Duncan, Stevens surge into 200m final

Both Team USATF sprinters qualified automatically for the final. Deajah Stevens (Bayside, New York) ran with reigning world champion Dafne Schippers to her inside in the first semi, and did everything necessary to nab a spot in the final, easily placing second in 22.71. Kimberlyn Duncan (Katy, Texas) was in fourth off the curve in semi 2 and then sailed past everyone but Shaunae Miller-Uibo, placing second in 22.73.

All three through to w800 semis

All three Americans clocked in advancing times in the women’s 800m. Ajee’ Wilson (Neptune, New Jersey) moved right to the front of the first heat, passing 200m in 27.85 and 400m in 59.92. With only Noelie Yarigo of Benin near her at the 600m point, Wilson cruised around the final furlong to win in 2:00.52. Brenda Martinez (Rancho Cucamonga, California) was shoulder to shoulder at 200m with Melissa Bishop of Canada. She ran on the outside of lane 1 and then in lane 2, taking the lead through 600m in 1:31.02. Bishop passed her on the inside off the last bend and Angelika Cichocka of Poland went on to win the heat, while Martinez yielded two more places to take fourth in 2:01.53, qualifying on time. Charlene Lipsey (Hempstead, New York) was a wire-to-wire winner of the fifth heat in 2:02.74. She covered the first 400m in 60.39 and staved off all challengers down the stretch, giving Team USATF a perfect 3-3 record in qualifying for the semifinal.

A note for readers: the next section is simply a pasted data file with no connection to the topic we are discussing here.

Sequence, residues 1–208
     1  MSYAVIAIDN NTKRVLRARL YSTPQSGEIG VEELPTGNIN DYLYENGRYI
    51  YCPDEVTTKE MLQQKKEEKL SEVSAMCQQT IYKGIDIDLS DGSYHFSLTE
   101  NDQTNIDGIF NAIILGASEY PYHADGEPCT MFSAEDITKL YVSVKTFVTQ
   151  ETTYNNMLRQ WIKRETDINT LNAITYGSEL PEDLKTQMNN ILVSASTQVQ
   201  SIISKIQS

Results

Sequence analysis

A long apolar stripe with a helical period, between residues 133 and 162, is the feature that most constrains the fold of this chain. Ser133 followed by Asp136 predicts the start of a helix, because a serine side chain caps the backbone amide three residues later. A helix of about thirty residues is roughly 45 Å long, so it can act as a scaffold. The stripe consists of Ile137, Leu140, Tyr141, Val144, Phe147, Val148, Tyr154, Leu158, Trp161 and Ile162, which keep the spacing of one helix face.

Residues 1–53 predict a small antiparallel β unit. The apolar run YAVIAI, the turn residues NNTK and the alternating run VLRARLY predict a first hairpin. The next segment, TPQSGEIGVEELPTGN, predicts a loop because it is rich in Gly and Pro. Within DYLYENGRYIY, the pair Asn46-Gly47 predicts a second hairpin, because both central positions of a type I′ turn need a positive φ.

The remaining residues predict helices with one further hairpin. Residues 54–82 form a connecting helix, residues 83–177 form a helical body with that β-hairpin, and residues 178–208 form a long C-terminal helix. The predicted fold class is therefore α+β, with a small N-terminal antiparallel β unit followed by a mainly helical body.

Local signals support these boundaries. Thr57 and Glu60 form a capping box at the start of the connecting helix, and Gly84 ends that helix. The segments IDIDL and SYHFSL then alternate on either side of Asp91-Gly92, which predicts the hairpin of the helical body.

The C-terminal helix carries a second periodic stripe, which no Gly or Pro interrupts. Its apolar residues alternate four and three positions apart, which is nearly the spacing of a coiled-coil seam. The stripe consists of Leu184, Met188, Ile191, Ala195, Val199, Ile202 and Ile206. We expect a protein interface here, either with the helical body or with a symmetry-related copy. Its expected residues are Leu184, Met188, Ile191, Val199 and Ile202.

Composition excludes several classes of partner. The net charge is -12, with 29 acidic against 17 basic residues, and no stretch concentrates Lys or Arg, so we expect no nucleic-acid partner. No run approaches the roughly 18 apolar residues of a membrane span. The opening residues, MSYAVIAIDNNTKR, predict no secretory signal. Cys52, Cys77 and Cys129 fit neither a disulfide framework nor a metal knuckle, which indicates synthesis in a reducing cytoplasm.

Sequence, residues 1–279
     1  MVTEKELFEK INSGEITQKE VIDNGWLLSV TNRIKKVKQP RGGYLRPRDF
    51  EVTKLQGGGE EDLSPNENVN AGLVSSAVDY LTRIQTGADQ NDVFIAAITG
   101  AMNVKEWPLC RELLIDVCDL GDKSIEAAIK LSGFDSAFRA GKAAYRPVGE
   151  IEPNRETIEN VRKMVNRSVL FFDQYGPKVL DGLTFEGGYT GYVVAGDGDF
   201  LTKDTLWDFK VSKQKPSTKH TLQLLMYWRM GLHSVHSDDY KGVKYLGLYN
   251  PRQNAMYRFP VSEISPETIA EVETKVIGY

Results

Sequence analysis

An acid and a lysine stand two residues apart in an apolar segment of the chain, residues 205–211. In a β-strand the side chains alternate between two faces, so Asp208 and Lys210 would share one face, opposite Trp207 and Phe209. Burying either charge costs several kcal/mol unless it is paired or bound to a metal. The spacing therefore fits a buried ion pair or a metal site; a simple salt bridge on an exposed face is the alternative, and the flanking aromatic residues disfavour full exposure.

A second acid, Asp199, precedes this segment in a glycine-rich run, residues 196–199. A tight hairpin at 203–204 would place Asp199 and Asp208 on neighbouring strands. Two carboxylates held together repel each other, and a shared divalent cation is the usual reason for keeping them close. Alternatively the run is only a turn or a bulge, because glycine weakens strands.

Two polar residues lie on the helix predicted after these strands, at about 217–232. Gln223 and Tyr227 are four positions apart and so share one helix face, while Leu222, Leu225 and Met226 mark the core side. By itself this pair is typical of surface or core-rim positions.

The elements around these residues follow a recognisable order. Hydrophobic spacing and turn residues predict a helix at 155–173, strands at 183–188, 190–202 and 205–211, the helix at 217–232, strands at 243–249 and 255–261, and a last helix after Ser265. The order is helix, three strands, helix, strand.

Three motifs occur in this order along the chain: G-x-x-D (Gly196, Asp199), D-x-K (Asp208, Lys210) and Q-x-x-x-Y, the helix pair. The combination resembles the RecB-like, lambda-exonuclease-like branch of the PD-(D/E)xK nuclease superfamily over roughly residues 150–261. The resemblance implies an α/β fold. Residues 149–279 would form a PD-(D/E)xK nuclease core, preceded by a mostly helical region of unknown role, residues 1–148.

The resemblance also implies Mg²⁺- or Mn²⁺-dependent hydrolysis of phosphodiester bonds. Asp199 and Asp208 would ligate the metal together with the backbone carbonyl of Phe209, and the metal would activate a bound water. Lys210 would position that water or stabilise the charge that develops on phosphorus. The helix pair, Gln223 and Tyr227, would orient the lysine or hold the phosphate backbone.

Team USATF sweeps through 5000m heats

Shannon Rowbury (San Francisco, California) was content to settle in the middle of the pack for the first three-quarters of heat 1, staying out of trouble tucked into the inside lane. As the field passed 3K at 15:20ish pace, there was only a couple seconds between first and last. The pace picked up and at 4K, Rowbury found herself in eighth. Needing to be in the top five to assure her spot in the final, she pushed hard to stay in contact with the lead group and stepped on the gas over the final 100m to take fifth by three-hundredths of a second in 14:57.55.